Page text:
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Posted By ad356,
Sep 24, 2013 at 11:19 PM
Without an OAK, the oxygen needed for the stove draws cold air in through all your leaky leaks.
that may come in handy if/when you go for the oak.
others use just foil tape to match the fit.
but the part in that thread is not expensive and looks to be a great solution.
I would agree with other posters, sounds like your having heat loss issues, not heating issues.
A oak will stop the house from drawing cold air into the home, more important with very leaky houses.
I burn 6 tons for a 1600 SQFT, but our winters run -40.
i called the harman dealer where i bought my stove and he said that he doesnt recommend an OAK unless the house is very "tight" and needs combustion air. he said he has had some customers that have installed OAK's with their stoves when in his opnion they shouldnt have. this caused the stove to run dirter because it was running on cold air.
dealers saying you don't need and won't benefit from an OAK is a topic that has pages upon pages written and discussed here.
Dealers don't like to instal OAK's because it is labor intensive and there isn't much return on that cost.
I expect that it will eventually come to pass that all fuel burning appliances will require an OAK.
We have an 1815 farmhouse and heat 2000 sq ft with 3+ tons in an average winter.
We did a lot of insulation work over 3 years and that made a huge difference.
As we have sealed up the outside air leaks and shut down the drafts, we started thinking about an OAK.
If the air intake plumbing route is simple, it would be worth looking at.
The fact remains without a oak your pulling COLD air into the home to use the stove, whether your house is tight or not.
I highly doubt "cold" air will make you're stove run dirty, -40 doesn't even make mine run dirty. If I run in manual with VERY COLD temperatures it idles very hard, so I use auto mode when its -20s or under.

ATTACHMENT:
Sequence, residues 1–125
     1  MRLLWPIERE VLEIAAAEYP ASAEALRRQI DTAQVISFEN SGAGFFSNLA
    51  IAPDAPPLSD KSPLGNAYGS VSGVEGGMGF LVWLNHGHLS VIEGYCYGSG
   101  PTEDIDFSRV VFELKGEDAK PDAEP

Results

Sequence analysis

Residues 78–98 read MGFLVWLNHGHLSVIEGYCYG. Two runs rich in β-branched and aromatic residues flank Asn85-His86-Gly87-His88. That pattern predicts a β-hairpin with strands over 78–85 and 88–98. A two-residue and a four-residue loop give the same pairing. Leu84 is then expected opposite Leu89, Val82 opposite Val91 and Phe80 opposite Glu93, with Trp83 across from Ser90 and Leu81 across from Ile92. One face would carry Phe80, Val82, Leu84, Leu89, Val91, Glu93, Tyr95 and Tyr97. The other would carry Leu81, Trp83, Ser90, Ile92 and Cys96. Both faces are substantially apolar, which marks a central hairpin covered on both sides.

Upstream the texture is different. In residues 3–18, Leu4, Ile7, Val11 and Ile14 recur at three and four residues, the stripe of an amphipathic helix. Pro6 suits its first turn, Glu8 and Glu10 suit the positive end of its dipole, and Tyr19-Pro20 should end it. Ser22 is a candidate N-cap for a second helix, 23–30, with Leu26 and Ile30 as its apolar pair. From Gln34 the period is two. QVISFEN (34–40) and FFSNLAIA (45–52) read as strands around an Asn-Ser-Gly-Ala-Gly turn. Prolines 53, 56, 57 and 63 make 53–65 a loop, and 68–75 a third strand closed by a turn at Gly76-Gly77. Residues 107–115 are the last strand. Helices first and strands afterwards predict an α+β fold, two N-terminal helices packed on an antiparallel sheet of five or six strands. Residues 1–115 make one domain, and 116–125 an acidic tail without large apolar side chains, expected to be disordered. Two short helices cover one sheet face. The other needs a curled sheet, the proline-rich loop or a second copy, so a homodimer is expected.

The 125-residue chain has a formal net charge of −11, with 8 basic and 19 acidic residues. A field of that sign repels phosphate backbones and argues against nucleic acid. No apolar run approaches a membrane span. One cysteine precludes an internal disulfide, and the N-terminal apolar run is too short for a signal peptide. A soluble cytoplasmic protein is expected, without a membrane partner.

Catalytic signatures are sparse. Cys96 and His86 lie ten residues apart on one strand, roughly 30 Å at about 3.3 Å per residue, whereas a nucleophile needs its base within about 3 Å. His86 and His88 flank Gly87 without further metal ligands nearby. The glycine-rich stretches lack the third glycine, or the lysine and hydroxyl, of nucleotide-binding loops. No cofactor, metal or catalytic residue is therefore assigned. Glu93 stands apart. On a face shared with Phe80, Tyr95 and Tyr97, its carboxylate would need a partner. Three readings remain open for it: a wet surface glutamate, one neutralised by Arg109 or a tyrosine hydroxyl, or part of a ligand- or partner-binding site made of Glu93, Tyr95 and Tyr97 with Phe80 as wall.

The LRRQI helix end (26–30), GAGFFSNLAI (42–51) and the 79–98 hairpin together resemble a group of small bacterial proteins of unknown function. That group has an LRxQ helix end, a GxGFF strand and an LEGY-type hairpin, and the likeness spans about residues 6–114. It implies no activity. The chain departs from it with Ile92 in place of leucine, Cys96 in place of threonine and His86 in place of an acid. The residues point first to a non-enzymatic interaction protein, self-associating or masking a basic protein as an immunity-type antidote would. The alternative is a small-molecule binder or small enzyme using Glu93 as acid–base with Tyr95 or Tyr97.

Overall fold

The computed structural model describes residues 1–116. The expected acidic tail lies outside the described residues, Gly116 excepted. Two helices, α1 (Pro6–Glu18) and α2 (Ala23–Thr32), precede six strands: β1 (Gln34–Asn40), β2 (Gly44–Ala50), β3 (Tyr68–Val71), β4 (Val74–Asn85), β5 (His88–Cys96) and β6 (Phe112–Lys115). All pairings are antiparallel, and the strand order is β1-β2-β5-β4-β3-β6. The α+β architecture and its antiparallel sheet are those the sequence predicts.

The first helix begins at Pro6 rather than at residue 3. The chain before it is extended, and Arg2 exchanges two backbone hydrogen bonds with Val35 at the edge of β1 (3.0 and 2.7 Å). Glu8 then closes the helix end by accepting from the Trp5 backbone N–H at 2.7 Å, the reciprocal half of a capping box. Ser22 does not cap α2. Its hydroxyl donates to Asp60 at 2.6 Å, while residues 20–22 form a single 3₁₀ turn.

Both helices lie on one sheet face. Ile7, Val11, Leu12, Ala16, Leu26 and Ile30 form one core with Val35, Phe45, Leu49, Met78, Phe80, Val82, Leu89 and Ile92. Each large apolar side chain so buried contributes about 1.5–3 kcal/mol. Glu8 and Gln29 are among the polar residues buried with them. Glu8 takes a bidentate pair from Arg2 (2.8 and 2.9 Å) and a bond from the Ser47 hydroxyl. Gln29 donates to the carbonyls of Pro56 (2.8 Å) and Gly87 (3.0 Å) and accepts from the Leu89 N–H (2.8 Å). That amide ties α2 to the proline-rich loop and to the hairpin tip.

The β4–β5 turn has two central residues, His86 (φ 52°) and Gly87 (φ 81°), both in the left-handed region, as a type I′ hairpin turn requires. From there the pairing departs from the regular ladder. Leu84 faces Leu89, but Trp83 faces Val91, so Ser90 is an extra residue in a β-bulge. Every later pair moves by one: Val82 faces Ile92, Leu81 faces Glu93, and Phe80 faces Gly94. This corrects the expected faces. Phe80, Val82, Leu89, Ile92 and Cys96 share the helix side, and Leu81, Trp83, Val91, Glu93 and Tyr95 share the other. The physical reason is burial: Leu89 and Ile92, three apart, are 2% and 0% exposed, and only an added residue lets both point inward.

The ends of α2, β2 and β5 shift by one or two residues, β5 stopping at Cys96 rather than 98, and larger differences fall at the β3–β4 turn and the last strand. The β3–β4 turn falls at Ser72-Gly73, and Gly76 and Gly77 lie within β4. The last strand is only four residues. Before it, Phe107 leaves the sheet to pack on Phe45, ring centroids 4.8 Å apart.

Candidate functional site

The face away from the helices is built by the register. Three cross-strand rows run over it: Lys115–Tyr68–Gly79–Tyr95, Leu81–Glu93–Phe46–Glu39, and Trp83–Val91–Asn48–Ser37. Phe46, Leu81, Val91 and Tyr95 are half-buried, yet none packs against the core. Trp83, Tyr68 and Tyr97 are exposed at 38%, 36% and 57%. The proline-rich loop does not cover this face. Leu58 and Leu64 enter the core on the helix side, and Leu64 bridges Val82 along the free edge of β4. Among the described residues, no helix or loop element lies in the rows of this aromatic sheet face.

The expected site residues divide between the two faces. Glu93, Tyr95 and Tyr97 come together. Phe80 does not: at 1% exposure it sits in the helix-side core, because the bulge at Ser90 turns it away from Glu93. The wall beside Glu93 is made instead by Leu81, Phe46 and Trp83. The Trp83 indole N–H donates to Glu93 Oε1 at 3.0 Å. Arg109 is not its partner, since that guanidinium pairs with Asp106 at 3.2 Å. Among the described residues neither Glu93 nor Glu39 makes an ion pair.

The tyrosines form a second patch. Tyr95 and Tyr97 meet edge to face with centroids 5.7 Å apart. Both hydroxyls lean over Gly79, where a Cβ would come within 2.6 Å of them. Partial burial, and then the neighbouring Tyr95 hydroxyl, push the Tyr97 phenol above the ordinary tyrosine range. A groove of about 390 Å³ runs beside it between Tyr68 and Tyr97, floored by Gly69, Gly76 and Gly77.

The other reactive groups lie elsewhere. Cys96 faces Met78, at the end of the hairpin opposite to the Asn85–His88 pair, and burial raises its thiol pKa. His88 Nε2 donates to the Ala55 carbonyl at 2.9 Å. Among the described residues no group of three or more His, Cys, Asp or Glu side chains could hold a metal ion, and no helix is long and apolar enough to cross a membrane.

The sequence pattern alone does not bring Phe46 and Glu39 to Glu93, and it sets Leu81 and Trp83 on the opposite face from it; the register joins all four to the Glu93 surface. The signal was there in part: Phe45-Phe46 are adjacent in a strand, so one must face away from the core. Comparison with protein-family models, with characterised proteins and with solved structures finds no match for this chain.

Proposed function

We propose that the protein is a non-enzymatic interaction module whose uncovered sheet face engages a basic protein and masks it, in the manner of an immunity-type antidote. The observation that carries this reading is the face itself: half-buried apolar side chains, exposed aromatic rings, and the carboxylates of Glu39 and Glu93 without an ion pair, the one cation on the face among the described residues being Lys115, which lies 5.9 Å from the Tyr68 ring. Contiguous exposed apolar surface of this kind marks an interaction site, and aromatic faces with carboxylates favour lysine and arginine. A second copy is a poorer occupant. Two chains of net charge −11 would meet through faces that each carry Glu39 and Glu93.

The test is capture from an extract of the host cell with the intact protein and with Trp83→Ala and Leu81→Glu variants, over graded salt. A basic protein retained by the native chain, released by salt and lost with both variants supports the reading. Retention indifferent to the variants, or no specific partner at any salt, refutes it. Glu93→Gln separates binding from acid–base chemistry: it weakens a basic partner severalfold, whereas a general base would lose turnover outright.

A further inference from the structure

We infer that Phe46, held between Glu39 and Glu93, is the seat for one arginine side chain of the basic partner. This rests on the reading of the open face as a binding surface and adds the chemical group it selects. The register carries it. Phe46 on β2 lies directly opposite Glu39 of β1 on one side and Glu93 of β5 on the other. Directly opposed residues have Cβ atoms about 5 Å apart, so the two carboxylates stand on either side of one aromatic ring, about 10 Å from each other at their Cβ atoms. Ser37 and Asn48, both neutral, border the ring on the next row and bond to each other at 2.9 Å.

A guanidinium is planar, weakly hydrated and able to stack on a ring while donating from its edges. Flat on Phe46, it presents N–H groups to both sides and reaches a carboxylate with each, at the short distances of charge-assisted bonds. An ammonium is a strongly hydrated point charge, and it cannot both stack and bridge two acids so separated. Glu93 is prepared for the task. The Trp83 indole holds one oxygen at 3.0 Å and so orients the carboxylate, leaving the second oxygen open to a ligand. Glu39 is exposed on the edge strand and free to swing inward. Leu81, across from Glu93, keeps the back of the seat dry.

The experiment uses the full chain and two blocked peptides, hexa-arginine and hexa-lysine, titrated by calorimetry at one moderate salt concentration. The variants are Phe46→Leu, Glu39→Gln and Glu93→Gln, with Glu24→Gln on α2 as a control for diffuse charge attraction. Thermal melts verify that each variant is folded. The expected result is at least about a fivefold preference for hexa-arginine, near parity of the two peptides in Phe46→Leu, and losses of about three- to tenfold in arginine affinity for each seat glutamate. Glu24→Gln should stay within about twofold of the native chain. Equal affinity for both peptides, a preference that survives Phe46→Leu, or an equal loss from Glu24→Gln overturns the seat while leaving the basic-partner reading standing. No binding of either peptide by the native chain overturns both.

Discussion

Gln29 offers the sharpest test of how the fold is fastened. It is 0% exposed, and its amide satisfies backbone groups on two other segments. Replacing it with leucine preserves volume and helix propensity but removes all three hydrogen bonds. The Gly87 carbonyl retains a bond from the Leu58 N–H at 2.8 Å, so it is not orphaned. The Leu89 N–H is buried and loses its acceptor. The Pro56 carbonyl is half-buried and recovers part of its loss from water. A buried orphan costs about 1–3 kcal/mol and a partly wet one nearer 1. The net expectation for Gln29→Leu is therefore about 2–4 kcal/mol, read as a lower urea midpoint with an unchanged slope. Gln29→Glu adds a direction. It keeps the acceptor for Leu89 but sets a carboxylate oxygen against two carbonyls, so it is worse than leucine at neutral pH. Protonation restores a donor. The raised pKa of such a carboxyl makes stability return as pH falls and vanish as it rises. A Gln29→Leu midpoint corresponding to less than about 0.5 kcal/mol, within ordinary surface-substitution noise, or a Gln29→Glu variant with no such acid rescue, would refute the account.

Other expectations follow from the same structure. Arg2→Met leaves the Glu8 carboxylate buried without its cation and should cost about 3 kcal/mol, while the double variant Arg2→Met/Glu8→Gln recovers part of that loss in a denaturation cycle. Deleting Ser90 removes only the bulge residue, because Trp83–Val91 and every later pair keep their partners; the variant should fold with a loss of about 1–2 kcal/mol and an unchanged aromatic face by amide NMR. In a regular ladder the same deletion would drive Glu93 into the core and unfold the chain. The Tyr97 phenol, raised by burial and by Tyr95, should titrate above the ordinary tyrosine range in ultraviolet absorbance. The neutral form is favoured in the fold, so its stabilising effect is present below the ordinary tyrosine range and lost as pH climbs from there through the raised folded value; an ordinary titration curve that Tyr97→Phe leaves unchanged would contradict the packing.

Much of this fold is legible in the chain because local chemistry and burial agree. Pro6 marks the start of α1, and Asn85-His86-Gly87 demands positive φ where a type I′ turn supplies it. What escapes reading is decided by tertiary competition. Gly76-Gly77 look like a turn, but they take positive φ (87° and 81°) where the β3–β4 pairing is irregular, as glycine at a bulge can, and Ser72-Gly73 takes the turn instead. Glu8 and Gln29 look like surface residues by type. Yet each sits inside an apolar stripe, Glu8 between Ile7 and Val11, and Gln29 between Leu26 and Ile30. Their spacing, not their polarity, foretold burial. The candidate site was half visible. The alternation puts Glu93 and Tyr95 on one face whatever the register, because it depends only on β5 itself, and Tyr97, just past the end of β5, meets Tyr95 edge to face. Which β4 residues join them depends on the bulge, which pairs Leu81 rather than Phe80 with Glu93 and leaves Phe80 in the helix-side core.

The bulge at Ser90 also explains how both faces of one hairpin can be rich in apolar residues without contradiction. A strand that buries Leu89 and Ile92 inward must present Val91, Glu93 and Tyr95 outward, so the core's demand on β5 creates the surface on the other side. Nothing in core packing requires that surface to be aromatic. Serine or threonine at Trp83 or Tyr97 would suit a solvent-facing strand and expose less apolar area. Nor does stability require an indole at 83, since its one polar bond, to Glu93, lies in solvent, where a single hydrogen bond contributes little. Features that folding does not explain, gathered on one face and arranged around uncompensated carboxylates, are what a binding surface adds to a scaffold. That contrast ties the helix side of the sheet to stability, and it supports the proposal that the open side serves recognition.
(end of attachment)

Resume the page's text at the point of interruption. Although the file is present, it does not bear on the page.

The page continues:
Fact of life. The cooler/colder the air, the more complete the combustion. One of those little facts of combustion life. Engines stoves or anything else that uses fire.
More oxygen in cold air.
Your structure is the biggest suspect. You need a tight castle in order to have a warm one.
i worked on that today. i found some bad areas where the foundation meets wooden structure of the house (is this the sill plate?). i have a beam that has a bad spot, you could feel the air comming through that gap. the rest of the beam is solid and the beam is solid it just has a decayed spot. the beams in my home are monsters, i mean they are HUGE so im not worried about the structural intergerty. i packed that bad spot with an entire can of great stuff. i also found another spot in the front of the house. no decay just some gaps and more then enough to feel the air comming in. do major heat loses in the basement effect the heating my heating even if i am not heating the basement?
Think of your house as a big chimney. The easier the cold air can come in the bottom the easier the warm air can flow up and out.
No truth to these statements whatsoever,.... outside air is ALWAYS better drawn through a designated vent,.... rather than through every leaky orifice in the house.
This is the truth! I insulated my attic and basement ceiling when I bought the house just to save cash.
Do not worry about pellets just yet!
Get an energy evaluation done. Some power authority's will periodically perform them for free. Explain to them that you want to change over to gas so they will think you are a potential customer to get the energy audit for free.
yep. and not only are you not then drawing cold air in from outside through the living spaces, you are also not sucking out the air you've already paid to heat and using it for combustion and sending it right back outside.
double whammy of heat loss.